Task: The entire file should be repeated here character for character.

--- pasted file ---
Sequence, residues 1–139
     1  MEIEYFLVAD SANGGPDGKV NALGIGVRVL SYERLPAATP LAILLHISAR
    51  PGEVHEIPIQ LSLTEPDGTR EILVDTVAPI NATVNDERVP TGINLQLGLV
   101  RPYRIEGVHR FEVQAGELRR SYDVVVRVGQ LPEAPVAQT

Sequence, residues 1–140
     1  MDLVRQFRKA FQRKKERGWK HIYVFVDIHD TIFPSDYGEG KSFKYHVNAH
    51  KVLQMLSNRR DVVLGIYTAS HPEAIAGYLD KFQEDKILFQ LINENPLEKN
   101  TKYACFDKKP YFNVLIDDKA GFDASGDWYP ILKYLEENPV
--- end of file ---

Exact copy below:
Sequence, residues 1–139
     1  MEIEYFLVAD SANGGPDGKV NALGIGVRVL SYERLPAATP LAILLHISAR
    51  PGEVHEIPIQ LSLTEPDGTR EILVDTVAPI NATVNDERVP TGINLQLGLV
   101  RPYRIEGVHR FEVQAGELRR SYDVVVRVGQ LPEAPVAQT

Sequence, residues 1–140
     1  MDLVRQFRKA FQRKKERGWK HIYVFVDIHD TIFPSDYGEG KSFKYHVNAH
    51  KVLQMLSNRR DVVLGIYTAS HPEAIAGYLD KFQEDKILFQ LINENPLEKN
   101  TKYACFDKKP YFNVLIDDKA GFDASGDWYP ILKYLEENPV